Posted by: Dennis | 2010-06-10 7:39:13 AM
@Dennis 2010-06-10 7:39:13 AM
I'm somewhat rusty on my monetary theory. Perhaps you can explain to me how the creation of financial capital works in a way that it is not 'conjured out of thin air'?
"Each and every time a bank makes a loan (or purchases securities), new bank credit is created — new deposits — brand new money... Broadly speaking, all new money comes out of a Bank in the form of loans... As loans are debts, then under the present system all money is debt."
Graham Towers, Governor of the Central Bank of Canada 1934- 1955
Posted by: BCer_in_Toronto | 2010-06-10 1:15:06 PM
"Today, Canada's future is not bright. Rather, it's living in the afterglow of yesterday's prudence. We are now a nation of both public and private excess, of debt and a complete lack of appreciation for the risks associated with the future. Think of Canada as the Western world's last gasp"
Nicely put - sums it up
Posted by: JC | 2010-06-11 12:13:22 AM
BCer in Toronto,
You should start reading the Von Mises website regularly. They've got lots of articles explaining how real capital is created in the first place and the problems that result from central banks "pyramiding" that capital.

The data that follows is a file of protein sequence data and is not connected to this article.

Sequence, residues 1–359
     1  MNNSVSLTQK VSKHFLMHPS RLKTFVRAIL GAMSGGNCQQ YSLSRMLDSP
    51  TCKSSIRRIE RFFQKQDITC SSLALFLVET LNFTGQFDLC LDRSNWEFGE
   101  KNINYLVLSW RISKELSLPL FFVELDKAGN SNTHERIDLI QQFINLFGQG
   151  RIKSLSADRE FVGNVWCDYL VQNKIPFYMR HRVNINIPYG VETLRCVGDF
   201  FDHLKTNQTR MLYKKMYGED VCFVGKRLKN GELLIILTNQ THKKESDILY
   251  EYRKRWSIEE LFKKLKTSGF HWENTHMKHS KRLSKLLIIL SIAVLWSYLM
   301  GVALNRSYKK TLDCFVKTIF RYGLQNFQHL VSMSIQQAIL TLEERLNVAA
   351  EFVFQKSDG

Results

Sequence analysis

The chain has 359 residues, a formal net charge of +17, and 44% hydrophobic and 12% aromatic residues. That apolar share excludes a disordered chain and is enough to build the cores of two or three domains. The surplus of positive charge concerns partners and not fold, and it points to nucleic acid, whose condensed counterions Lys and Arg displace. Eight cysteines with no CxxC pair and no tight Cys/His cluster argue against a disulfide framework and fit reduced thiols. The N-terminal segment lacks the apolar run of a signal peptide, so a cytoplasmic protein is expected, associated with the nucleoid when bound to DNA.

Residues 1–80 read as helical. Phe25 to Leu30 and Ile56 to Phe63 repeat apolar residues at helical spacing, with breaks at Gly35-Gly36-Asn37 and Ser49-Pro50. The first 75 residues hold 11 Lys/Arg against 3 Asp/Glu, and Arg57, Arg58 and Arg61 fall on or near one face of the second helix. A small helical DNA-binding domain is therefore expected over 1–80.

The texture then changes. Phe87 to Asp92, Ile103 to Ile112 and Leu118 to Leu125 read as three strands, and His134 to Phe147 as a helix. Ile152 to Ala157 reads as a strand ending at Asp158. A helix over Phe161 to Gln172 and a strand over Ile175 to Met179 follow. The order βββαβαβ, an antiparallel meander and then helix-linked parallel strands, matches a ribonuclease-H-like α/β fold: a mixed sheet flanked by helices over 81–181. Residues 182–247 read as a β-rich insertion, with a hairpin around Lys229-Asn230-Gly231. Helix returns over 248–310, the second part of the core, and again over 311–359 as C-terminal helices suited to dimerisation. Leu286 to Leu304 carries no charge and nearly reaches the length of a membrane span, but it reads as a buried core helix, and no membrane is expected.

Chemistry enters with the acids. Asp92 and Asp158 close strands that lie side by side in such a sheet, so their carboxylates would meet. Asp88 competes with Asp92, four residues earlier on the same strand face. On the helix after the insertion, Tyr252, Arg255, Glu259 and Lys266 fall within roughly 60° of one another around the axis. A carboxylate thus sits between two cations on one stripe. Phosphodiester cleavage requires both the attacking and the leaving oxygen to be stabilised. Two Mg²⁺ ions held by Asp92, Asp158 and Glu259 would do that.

Posted by: Dennis | 2010-06-11 7:12:33 AM
It's very simple. When you save your money, invest it, and receive interest; that is real capital (and you therefore deserve every penny of the interest/profit). When a central bank or a regular bank creates it "out of thin air" and lends it out for interest; that's where the problem lies.
Posted by: Charles | 2010-06-11 9:48:37 AM
Well, insofar as a fiat system should be run, say according to the monetarist school, the central bank should charge interest on newly created money to temper it's inflationary effects.
The problem is that the central banks are not following a monetarist prescription, but rather a Keynesian one.
I have no problem with monetarism, in theory. In fact, the only reason I sway towards commodity-backed currencies is because I don't trust politicians to keep their grubby hands off the process. Experience has born this out.